Sustainable Transportation

Rail’s Environmental Advantage

Moving freight by rail offers an efficient, cost-effective, and immediate way to reduce U.S. greenhouse gas emissions. If only 10 percent of long-distance freight now moving by truck moved by rail instead, annual U.S. fuel savings would approach nearly 1 billion gallons and greenhouse gas emissions would fall by around 11 million tons, based on a comparative study of the fuel efficiencies of trains vs. trucks.

The independent study, conducted for the Federal Railroad Administration, shows that trains are the most environmentally friendly way to move freight over land. The 2009 study revealed that trains are between 1.9 and 5.5 times more fuel-efficient than trucks – depending on the commodity being transported and length of haul – and generate up to two-thirds fewer greenhouse gas emissions.

Comparing trains and trucks on 23 different routes, the study found that rail fuel efficiency was higher than truck fuel efficiency on every route in terms of ton-miles of freight per gallon. Rail fuel efficiency varied from 156 to 512 ton-miles per gallon, while truck fuel efficiency ranged from 68 to 133 ton-miles per gallon.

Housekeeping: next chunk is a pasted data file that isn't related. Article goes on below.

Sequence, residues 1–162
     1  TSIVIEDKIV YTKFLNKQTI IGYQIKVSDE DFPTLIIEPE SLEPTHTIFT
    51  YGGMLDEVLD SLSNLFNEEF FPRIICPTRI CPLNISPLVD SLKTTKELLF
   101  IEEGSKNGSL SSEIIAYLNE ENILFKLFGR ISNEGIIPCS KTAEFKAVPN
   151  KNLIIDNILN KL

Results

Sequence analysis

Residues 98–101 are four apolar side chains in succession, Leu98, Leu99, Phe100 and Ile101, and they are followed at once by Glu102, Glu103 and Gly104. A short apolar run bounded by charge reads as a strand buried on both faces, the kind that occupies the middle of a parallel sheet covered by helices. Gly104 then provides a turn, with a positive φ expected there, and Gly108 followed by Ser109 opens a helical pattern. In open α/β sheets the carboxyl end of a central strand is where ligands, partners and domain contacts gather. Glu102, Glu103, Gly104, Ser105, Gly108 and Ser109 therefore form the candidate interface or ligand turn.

The study provided a comparative evaluation of rail and truck fuel efficiency on corridors and for services over which both trains and trucks compete. Competitive moves were defined as those involving the same commodity and having the same or proximate origin and destination points. The study included a mix of short-, medium-, and long-distance movements; a mix of different commodities and different railcar and truck types; and a mix of geographic regions.

In addition, using trains instead of long-haul trucks helps reduce congestion on interstate highways. The Texas Transportation Institute’s 2012 Urban Mobility Report found that highway congestion annually wasted 2.9 billion gallons of fuel, generated 56 billion pounds of additional CO2, and carried financial costs of $121 billion. About $27 billion of that cost was attributed to wasted time and diesel fuel from trucks moving freight on the highway system.

Shippers Recognize Rail’s Eco-Friendly Benefits

More companies are strategically shifting their mode of product transportation to rail to reduce their supply-chain carbon footprint and achieve business sustainability goals.

In their corporate sustainability reports, some of Norfolk Southern’s largest customers are making note of the move from trucks to rail and intermodal transport. Intermodal land transport typically involves rail for the primary move, with trucks providing short-haul moves for door-to-door customer pickup and delivery. Examples of our customers’ shift to rail transport include: